Determining how much money to have your employer withhold from your paychecks for federal taxes can be a bit tricky. If you withhold too little, you could be in for an unpleasant surprise when you file your next tax return. Not only could you owe a substantial amount of money, but you could potentially be slapped with an underpayment penalty as well. On the other hand, having too much money withheld from each paycheck could result in you overpaying your federal income tax. And paying too much in taxes is like letting the IRS borrow your money without receiving any interest for it. While it can be exciting to get a tax refund each year, it’s important to keep in mind that you’re only getting your own money back.
Achieve Balance with Federal Tax Withholding
Federal tax withholding can be a delicate balancing act. You should aim to have just enough withheld to cover your tax obligation, but it’s okay if your annual withholdings don’t exactly align with your tax bill. It’s alright if you have a bit too much withheld and end up receiving a small refund, or if your withholdings fall a little short and you owe a small amount when you file your tax return. The point is to get as close as you can to having the correct amount of taxes withheld so you can retain control of your money during the year, and avoid a large tax bill and unnecessary penalties when you file your taxes.
How Much Will I Owe?
A good place to start, when trying to determine the correct amount to withhold, is your last tax return. Did you receive a large refund, or owe a significant balance that was either hard to pay or subject to a penalty? If so, you probably need to adjust your withholding amount. The IRS has a digital Tax Withholding Estimator that you can use to help determine if you are currently having enough, or too much, withheld. If you find that your withholdings are insufficient or excessive, you can change your withholding amount by filling out a new W-4 form and returning it to your employer.
Updating Your W-4 Form
Prior to 2020, the W-4 form relied heavily on “withholding allowances” to determine how much to withhold from an employee’s paycheck for federal taxes. However, the W-4 form was updated in 2020 to better align with new tax laws, and allowances were removed completely. You can access the new W-4 form, as well as a list of frequently asked questions about it, at https://www.irs.gov/newsroom/faqs-on-the-2020-form-w-4. Accurately filling out the form should bring you very close to where you need to be from a withholding perspective.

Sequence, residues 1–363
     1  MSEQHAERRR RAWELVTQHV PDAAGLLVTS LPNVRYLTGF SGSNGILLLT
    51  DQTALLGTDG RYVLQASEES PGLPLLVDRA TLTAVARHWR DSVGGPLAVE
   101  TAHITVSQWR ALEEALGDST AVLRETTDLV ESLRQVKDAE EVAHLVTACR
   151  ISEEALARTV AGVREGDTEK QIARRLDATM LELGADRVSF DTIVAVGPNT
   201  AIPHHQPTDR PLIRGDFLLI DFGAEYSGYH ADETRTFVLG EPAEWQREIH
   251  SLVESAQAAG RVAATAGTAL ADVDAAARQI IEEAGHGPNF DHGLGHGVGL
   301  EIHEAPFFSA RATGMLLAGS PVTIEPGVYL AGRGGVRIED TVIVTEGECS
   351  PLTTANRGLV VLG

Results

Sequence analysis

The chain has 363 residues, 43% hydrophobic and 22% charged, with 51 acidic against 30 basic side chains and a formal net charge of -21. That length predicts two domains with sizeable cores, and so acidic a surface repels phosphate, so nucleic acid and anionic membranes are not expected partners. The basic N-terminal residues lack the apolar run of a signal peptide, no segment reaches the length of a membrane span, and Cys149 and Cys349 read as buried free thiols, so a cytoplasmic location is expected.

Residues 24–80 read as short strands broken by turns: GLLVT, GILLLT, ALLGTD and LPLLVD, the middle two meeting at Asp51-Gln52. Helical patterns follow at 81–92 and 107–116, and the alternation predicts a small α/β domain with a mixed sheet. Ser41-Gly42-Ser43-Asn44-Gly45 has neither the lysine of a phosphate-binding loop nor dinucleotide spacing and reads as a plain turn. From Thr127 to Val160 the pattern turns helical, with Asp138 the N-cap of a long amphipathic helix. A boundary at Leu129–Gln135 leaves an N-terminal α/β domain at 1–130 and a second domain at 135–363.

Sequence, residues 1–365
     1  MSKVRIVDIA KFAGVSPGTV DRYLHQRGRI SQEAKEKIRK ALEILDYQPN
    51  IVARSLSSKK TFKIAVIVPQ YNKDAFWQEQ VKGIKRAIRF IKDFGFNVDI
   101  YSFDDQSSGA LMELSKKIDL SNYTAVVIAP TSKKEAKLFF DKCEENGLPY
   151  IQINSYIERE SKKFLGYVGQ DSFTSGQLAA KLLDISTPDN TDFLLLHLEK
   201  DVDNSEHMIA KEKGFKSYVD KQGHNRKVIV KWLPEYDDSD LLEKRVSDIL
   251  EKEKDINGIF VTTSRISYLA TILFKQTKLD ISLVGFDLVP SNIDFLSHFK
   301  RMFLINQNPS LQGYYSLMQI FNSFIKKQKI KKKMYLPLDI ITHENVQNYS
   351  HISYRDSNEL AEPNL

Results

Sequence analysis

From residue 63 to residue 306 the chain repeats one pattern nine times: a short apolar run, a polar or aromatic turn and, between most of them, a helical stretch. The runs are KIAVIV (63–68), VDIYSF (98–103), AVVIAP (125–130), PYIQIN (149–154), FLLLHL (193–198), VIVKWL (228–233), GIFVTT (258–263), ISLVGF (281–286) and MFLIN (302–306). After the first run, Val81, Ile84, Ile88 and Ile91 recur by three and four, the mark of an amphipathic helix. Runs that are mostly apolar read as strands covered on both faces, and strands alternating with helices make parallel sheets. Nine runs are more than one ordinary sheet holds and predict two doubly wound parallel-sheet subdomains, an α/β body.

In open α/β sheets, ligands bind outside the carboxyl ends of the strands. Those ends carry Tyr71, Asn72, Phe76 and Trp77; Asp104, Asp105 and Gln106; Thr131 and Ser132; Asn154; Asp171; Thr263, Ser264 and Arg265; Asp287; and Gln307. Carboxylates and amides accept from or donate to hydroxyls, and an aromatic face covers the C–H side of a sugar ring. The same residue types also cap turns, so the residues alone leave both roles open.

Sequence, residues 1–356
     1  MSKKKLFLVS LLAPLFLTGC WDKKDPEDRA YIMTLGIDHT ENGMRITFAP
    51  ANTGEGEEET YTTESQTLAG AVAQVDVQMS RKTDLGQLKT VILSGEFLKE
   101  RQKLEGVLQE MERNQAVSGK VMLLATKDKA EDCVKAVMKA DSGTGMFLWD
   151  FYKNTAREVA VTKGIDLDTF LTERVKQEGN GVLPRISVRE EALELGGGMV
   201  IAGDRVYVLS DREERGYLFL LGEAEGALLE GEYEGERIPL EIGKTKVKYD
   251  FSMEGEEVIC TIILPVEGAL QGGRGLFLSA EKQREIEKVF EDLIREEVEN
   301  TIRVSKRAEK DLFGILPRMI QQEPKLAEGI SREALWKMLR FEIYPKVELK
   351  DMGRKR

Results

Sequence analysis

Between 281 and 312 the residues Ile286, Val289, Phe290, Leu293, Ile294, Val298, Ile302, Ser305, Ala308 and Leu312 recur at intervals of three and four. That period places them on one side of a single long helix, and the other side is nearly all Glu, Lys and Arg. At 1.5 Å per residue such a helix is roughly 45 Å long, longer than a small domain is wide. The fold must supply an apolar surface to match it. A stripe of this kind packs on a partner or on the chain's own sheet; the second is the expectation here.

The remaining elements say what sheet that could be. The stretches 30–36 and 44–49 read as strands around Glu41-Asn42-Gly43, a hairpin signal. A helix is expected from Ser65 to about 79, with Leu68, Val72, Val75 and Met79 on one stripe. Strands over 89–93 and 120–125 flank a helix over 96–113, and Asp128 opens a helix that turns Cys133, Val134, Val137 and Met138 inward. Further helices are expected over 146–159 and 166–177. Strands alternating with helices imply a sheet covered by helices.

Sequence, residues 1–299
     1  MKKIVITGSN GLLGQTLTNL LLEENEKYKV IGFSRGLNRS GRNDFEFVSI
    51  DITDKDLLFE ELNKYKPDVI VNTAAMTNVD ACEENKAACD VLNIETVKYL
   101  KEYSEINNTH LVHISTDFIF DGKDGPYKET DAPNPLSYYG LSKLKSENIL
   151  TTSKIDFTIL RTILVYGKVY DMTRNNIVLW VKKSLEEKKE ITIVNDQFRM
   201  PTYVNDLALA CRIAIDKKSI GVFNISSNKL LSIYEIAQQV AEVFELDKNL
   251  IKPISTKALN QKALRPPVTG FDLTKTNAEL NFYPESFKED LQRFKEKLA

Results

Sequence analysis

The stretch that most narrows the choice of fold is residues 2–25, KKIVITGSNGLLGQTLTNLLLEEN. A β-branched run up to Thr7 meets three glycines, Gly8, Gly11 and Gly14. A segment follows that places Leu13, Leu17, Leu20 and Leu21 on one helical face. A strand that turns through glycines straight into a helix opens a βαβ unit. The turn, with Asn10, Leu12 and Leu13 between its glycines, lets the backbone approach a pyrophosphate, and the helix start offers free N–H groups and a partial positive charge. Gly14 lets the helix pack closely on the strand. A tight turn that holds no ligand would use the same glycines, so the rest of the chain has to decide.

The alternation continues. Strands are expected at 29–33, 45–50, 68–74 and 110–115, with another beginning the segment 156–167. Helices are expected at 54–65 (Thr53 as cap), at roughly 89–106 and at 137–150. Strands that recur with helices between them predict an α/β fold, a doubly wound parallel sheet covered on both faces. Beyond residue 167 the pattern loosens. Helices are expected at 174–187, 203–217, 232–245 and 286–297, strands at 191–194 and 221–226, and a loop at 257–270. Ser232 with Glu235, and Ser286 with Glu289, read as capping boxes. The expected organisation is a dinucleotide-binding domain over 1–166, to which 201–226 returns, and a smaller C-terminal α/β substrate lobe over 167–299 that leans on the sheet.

The new W-4 form also includes an optional line for “extra withholding” where you can specify a dollar amount you want your employer to withhold, beyond what they would deduct based on the other information provided. This could be helpful if you are making changes to your W-4 mid-year and are afraid that your prior withholdings weren’t sufficient.
Review Your Withholdings Often
Remember that your W-4 form isn’t a “set it and forget it” thing. There are several factors that can impact your tax bill and could warrant changes to your withholding amount. Common situations that could affect how much tax you owe include:
Even if you’ve had the correct amount withheld from your paychecks in the past, changes like those mentioned above could warrant an update to your W-4 to ensure that your withholdings will still be adequate. And while using the IRS’ Tax Withholding Estimator and accurately filling out your W-4 form should get you close to where you need to be from a tax withholding perspective, it’s always wise to consult with a tax advisor before making changes to your withholding amounts.
- Changes to your unearned income, like money received from interest, dividends, unemployment compensation, alimony, or capital gains from the sale of real estate
- Lifestyle changes such as having or adopting a child, getting married or divorced, or purchasing a new home
- Job-related changes such as retiring, going from part-time to full-time employment (or vice versa), getting a second job, getting laid off or furloughed, becoming unemployed, getting a pay increase, or experiencing a pay cut
- Changes to tax laws